- Good strength
- Good resistance to abrasion
- Low memory
- You might find it hard to cast with it than with other fishing lines
How to Decide on the Best Monofilament Fishing Line for You
As I have pointed out above, there are several features to look for when purchasing a monofilament fishing line. I will present them below based on the different fishing types. While some fishing line qualities may be good for some, they might be terrible for others. For example, you can’t fish in deep waters with a high-stretch fishing line because it won’t hook well and won’t be sensitive enough.
However, for topwater, you need a high stretch line, and so on. In other words, the best monofilament fishing line is not fixed, it depends on your style of fishing and what you want to get out of it. There are several qualities to consider when shopping for the top monofilament fishing lines. From its thickness to color, strength, durability, memory, or stretch. Let’s see!
The Fishing Line Color and Thickness
The most popular colors are blue, pink, or hi-vis yellow, but clear might be the best. You could also find a green fishing line, but it’s not that common. Each has its upsides and downsides, they’re not just for fun. For example, the hi-vis yellow fishing line is recommended for fishing at night. It offers better visibility in dark waters or when you’re fishing together, it helps reduce crossing the lines too often.
The clear type of fishing line is the most versatile, the “all-seasoner” here. However, it needs a proper rinse after every usage, because otherwise, it can just turn white from the buildup in the water. Blue is the second most popular color when it comes to fishing lines. It is good for offshore fishing. A pink line is a low-visibility option for white sound beach fishing, while green is also used as a versatile color that could work in many fishing conditions.
The line color should always be chosen based on the environment you’re going to be fishing in. All in all, you want it to be as invisible as possible for the fish, but also have good control over it yourself. It’s fine there. As far as thickness is concerned, you should first think about what kind of fish you’re going to catch.
If you’re going to go for the bigger type of fish, then you should choose a tick line that is strong enough for the job and could withstand a good fight without snapping. Thin fishing lines are good for smaller fish. So if you know you’re fishing for this type of fish, in the right environment, then go for a thin fishing line.
Fishing Line Strength and Durability
For strength, the conditions are pretty much the same as for the thickness. The bigger the fish, the stronger the fishing line should be. If you do not pay attention to this condition, then you might blame it on the line that it snapped. However, most of the time, it’s the fisher’s fault for not choosing the right type of gear for the right fishing type. I know, I’ve been there.
So, for Crappie or flatfish, the strength of the fishing line should not be a priority. These fish are not fighters, so they won’t put up a tough fight against you. However, if you want to catch bigger fish than that, then you will need a fishing line with a considerably high tensile strength to avoid snapping disappointments.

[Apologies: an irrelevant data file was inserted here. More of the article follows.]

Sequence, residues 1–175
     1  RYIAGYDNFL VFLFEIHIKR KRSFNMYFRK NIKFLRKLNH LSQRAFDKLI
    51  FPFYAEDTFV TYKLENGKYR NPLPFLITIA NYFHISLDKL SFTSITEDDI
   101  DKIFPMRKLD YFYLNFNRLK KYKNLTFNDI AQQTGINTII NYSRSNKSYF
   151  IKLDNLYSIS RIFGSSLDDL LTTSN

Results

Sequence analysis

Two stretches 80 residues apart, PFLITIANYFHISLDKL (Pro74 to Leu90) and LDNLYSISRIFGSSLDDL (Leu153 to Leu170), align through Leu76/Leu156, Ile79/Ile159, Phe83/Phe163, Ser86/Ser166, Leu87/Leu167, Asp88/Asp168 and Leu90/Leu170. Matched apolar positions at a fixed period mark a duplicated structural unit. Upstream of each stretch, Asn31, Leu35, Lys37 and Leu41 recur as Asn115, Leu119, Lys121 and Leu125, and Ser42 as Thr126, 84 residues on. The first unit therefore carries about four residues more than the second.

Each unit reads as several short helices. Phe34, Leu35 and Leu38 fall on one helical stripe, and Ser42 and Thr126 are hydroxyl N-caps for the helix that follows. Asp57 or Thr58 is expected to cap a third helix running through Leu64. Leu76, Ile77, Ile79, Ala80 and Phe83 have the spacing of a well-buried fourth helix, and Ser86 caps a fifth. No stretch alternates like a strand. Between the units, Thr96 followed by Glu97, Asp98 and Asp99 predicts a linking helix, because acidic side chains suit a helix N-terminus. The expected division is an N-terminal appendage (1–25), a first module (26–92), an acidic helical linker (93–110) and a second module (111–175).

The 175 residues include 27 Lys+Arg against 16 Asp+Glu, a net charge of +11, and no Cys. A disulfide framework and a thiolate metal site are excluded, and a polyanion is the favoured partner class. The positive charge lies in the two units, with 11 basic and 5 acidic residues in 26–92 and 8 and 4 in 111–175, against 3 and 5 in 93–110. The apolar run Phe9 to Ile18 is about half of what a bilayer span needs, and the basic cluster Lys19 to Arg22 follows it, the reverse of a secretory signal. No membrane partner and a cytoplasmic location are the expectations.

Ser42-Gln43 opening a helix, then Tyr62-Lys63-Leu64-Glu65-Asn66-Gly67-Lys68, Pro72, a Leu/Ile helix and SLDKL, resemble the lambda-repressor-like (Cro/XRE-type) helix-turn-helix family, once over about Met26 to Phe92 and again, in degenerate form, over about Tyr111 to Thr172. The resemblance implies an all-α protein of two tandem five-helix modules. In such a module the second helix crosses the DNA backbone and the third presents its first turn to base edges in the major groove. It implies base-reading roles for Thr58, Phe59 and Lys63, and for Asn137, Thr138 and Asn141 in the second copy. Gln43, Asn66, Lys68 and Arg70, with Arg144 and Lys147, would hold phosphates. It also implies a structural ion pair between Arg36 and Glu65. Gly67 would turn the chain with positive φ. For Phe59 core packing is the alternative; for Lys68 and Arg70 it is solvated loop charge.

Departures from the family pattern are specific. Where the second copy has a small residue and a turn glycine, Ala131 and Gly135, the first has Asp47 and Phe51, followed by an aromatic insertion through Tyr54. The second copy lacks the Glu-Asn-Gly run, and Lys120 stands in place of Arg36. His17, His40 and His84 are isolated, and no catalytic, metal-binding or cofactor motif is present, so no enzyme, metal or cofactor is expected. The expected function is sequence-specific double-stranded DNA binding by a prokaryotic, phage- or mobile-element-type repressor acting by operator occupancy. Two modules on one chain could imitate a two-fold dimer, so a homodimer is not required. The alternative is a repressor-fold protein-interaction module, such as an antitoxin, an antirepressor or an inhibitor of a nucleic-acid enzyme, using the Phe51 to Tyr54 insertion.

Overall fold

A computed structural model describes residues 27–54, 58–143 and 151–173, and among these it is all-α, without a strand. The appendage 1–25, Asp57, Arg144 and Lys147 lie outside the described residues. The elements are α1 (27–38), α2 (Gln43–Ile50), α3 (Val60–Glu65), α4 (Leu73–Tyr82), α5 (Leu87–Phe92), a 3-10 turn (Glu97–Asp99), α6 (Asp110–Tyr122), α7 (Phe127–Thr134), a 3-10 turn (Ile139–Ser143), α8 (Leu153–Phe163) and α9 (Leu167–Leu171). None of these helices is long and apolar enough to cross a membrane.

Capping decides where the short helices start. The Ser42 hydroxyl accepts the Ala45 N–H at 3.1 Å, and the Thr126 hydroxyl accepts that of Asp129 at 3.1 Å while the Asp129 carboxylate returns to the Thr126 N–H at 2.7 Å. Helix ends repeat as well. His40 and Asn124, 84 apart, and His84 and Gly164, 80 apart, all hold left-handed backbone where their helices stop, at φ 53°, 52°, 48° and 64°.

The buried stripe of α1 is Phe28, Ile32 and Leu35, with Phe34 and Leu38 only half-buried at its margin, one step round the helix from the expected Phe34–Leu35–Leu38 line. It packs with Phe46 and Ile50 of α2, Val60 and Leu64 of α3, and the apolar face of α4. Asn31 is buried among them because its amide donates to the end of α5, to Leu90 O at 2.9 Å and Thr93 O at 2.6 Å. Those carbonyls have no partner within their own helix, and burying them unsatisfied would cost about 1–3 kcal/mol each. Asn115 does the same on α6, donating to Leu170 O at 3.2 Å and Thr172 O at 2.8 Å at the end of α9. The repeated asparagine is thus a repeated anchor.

Apart from strength, you should also check the durability quality of the fishing line. It’s not good if it can help you win a tough fight and then cannot be used again. Usually, the durability is given by the overall quality of the material and you choose that based on the brand promise. There are a couple of brands, like the ones highlighted above which promise very good durability over time.
Do not think that durability is not important for you, because you don’t want the line o break when you’re about to pull out that big, saltwater fish. Moreover, you should know that harsh saltwater damage the fishing lines more than freshwater.
Usually, as far as fishing lines are concerned, line memory is bad. It means it holds the previous form and the first time you take it out of the packaging, it will be curled up and difficult to use. Moreover, it tends to tangle on the reels and rods, and instead of sinking, float on top of the water, right? So, when shopping for a fishing line, you need to take a look at reviews and take a good look at the product and mind that memory.
The monofilament fishing line has low memory and stays straight for extended periods. However, there could also be some downsides to fishing lines with very low memory. Over time, they could loosen out. Nevertheless, it’s better to make sure it doesn’t curl up the moment you get it out of its package, so low memory it is. Moving right away to line stretch.
This is the fishing line’s ability to stretch when a fair amount of pressure is put onto it. If the line has a high stretch capability, it will extend with the pulling force, but not snap. However, there is a fine line when it comes to line stretch. Too much line stretch means too little sensitivity. The less sensitivity a fishing line has, the more difficult it would be to tell if you have caught something or not.